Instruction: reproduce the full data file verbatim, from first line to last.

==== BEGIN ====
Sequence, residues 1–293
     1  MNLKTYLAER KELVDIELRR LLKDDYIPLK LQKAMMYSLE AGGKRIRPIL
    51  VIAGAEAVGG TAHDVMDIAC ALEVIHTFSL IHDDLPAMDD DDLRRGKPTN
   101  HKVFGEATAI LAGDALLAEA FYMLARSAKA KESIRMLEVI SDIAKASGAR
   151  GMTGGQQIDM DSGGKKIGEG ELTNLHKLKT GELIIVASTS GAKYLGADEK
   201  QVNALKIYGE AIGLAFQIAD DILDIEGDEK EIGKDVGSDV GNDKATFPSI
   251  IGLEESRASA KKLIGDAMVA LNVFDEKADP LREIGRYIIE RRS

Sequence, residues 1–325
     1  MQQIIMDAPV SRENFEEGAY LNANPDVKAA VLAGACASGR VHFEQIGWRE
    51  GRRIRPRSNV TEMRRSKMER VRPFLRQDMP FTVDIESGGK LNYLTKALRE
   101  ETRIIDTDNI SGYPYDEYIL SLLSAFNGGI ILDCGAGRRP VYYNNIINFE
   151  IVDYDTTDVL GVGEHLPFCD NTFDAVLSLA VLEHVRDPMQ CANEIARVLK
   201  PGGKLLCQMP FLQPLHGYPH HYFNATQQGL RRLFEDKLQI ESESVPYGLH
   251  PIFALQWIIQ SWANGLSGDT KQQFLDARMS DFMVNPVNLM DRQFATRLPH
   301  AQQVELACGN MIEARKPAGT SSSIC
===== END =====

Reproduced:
Sequence, residues 1–293
     1  MNLKTYLAER KELVDIELRR LLKDDYIPLK LQKAMMYSLE AGGKRIRPIL
    51  VIAGAEAVGG TAHDVMDIAC ALEVIHTFSL IHDDLPAMDD DDLRRGKPTN
   101  HKVFGEATAI LAGDALLAEA FYMLARSAKA KESIRMLEVI SDIAKASGAR
   151  GMTGGQQIDM DSGGKKIGEG ELTNLHKLKT GELIIVASTS GAKYLGADEK
   201  QVNALKIYGE AIGLAFQIAD DILDIEGDEK EIGKDVGSDV GNDKATFPSI
   251  IGLEESRASA KKLIGDAMVA LNVFDEKADP LREIGRYIIE RRS

Sequence, residues 1–325
     1  MQQIIMDAPV SRENFEEGAY LNANPDVKAA VLAGACASGR VHFEQIGWRE
    51  GRRIRPRSNV TEMRRSKMER VRPFLRQDMP FTVDIESGGK LNYLTKALRE
   101  ETRIIDTDNI SGYPYDEYIL SLLSAFNGGI ILDCGAGRRP VYYNNIINFE
   151  IVDYDTTDVL GVGEHLPFCD NTFDAVLSLA VLEHVRDPMQ CANEIARVLK
   201  PGGKLLCQMP FLQPLHGYPH HYFNATQQGL RRLFEDKLQI ESESVPYGLH
   251  PIFALQWIIQ SWANGLSGDT KQQFLDARMS DFMVNPVNLM DRQFATRLPH
   301  AQQVELACGN MIEARKPAGT SSSIC